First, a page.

‘Choosing The Ending’ by Melissa Todd

‘You must meet Susan!’ said my chum John. ‘She’s having a do!’

I sighed. I’m not shy, but I do hate almost everyone.

‘Fine. Which version of me would you like to present to Susan? White trash or bourgeois? Potty mouthed porn star or gracious Guardian reader? Shall I talk about running my own theatre company and being shortlisted for Kent columnist of the year’ (winks to camera) ‘or boast about how well I’m doing on onlyfans? What language shall I use, which accent, how shall I dress?’ 

Or, in short, which class would you prefer me to be?

Mostly we accept that gender fluidity is a thing now, with the exception of some shouty women. I’m female, but I don’t do nurturing, or being kind; I am quite concerned with my appearance, but only in so far as being pretty helps me get what I want; for your classic female I’m intensely competitive, sexually predatory, and honestly, slightly grubby. But I shall forever identify as a girl, if only because there’s more money in it. And that’s fine. 

But class fluidity? No. I’m the class you perceive me to be, and it matters not that I acquired my money and education and rounded vowels well past childhood, and financed them by engaging in pastimes worthy of a Channel 5 documentary. No, I talk posh and I’ve got a couple of degrees; occasionally I even use Latin words like ergo: ergo, I’m posh and stuck with it.

‘Can’t you just be yourself?’ said John, irritably. Really, he gets awfully uppity for someone who doesn’t exist. Well, but which me? I’m a con artist and a chameleon; I’ll tell any story you want to hear. The middle classes make me anxious, make me fight down an urge to scream obscenities; I feel much happier in less polite society, but sadly my leaping up the class structure like a feisty young gazelle means I’m treated with suspicion by both those of working and middle class origins. Hence my urge to know in advance how best to please and placate a new audience. 

I was interviewed by a Daily Mail journalist at the age of 20, because I’d left Oxford university to become a stripper. Now there’s a nice neat article with a handy moral message, ready packaged for Femail. ‘The demons that drove this nice middle class girl to the sinister side of life’ was the headline she wanted, and well I remember her unravelling into slack jawed incredulity at my telling her my actual life story. ‘But  but – you do consider yourself middle class, don’t you?’ she kept asking me, breathless with angst.  Scumbag behaves quite like scumbag should have been the headline, but that’s not much of an anecdote.

It’s a modern phenomenon, this urge to give yourself an identity, then extrapolate every other possible trait, belief, habit of consumption and of course, likely voting pattern from it. We cleave to our identities as a way to make sense of our place in the world, weave coherent narratives around our patterns of behaviour. They’re sometimes useful, I’ll admit – we know, for example, that certain socio-economic groups and ethnicities are more likely to get very ill and die from Covid, so we can choose to focus medical resources and perhaps more lockdown restrictions on areas where there is a higher concentration of those groups.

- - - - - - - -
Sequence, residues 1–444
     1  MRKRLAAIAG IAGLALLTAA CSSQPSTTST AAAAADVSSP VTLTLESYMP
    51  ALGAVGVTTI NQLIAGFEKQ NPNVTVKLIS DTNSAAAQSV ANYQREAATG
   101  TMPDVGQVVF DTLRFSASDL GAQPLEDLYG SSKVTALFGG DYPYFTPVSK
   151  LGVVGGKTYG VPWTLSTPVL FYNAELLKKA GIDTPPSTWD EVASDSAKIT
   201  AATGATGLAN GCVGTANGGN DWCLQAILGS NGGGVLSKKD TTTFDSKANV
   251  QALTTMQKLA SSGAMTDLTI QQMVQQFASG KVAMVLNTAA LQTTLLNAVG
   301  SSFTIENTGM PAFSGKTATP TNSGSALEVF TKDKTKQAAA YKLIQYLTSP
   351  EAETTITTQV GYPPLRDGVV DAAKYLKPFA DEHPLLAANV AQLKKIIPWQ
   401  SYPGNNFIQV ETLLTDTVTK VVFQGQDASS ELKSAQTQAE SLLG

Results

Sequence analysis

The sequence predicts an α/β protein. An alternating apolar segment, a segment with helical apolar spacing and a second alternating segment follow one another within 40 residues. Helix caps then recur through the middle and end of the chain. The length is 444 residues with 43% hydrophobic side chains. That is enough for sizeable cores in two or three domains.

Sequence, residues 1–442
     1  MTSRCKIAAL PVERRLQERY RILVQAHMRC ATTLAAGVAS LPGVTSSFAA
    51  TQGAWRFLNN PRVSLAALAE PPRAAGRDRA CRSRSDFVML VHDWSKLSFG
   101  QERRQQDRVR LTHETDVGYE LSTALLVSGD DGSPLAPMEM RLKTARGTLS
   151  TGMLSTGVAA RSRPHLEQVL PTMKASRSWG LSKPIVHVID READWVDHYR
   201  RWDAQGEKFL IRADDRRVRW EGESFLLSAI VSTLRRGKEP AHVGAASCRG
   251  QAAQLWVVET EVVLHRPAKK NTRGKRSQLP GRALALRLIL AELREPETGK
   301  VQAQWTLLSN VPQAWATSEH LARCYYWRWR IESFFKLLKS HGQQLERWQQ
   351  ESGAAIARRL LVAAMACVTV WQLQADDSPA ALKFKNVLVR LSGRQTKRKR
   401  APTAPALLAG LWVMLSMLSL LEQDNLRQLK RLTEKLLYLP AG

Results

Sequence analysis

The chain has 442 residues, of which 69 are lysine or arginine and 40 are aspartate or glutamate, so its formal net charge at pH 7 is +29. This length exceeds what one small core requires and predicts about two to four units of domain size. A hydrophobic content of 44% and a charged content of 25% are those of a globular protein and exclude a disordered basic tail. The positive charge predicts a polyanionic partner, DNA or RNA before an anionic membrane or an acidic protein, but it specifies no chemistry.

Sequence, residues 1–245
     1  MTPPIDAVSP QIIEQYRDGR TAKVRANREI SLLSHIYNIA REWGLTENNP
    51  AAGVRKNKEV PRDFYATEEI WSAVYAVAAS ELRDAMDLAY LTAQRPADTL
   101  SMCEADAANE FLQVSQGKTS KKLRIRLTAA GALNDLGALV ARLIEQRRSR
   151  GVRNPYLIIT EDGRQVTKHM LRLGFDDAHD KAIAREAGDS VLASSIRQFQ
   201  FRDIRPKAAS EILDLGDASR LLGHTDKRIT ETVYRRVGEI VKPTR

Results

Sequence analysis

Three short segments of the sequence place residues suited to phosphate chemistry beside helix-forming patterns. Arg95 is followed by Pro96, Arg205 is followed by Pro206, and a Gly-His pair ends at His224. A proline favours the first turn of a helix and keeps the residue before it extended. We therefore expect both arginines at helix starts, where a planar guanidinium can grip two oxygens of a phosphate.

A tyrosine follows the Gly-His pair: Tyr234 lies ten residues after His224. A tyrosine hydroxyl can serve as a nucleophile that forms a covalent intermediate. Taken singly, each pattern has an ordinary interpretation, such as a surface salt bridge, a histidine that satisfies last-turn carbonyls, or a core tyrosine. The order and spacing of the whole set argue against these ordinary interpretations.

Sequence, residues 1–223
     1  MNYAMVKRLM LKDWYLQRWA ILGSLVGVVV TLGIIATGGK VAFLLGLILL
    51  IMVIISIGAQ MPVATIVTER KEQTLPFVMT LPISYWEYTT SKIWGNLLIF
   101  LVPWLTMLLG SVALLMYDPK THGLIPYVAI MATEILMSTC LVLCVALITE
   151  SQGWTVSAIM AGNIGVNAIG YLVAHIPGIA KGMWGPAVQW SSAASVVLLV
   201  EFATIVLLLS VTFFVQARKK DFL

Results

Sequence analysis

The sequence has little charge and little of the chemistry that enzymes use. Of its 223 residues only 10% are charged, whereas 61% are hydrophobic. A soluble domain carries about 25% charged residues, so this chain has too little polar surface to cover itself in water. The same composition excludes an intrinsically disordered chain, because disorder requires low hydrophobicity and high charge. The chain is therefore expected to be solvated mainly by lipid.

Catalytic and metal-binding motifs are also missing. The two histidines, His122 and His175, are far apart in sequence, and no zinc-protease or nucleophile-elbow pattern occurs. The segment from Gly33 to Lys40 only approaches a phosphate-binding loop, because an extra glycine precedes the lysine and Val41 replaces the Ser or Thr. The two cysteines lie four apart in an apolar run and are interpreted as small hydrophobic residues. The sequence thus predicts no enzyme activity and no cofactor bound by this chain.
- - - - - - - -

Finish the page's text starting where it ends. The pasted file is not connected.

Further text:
But for all I understand the urge to cleave to an identity, use it to explain every inch of our psyches, I think one should resist it. Not always knowing exactly what you are and what you think means you’re surely open to more possibilities. Coversely, sticking closely to one tribe in the culture war tends to bind people into ever smaller lives, ever more anxious about behaving in a way that suits them. All identifications with this or that sense of self, scumbag, girl, asexual, whatever, serve to limit us, and risk cutting us off from the possibility of transcending the corporeal. I’m more than a person that menstruates, to take the phrase that caused JK Rowling such angst; or white, or indeed, a creature that comes from Dickensian poverty. I can name and use those parts of me, but I can also escape them. With only one life to my name, it seems a shame to limit my experiences and outlook. If you take charge of your own story, you get to choose the ending.

As to Susan, I went with posh. I rounded my vowels and boasted about my vanilla career and property empire. I enjoyed hugging tight my secret self, the one with the mucky sidelines which fund my literary and theatrical habits. Maybe I’ll tell her about that on a different, more interesting, drunken evening, should there be one, or maybe she only deserves to see my more tedious self the once. To exploit the language of the moment, that’s my privilege.

About the contributor

Melissa Todd
Melissa Todd is a writer, performer and the director of Hags Ahoy theatre company. She writes reviews, opinion pieces and short stories. She is Contributing Editor to The Blue Nib and Managing Editor of Thanet Writers. She has been shortlisted for Kent Columnist of the Year 2020.

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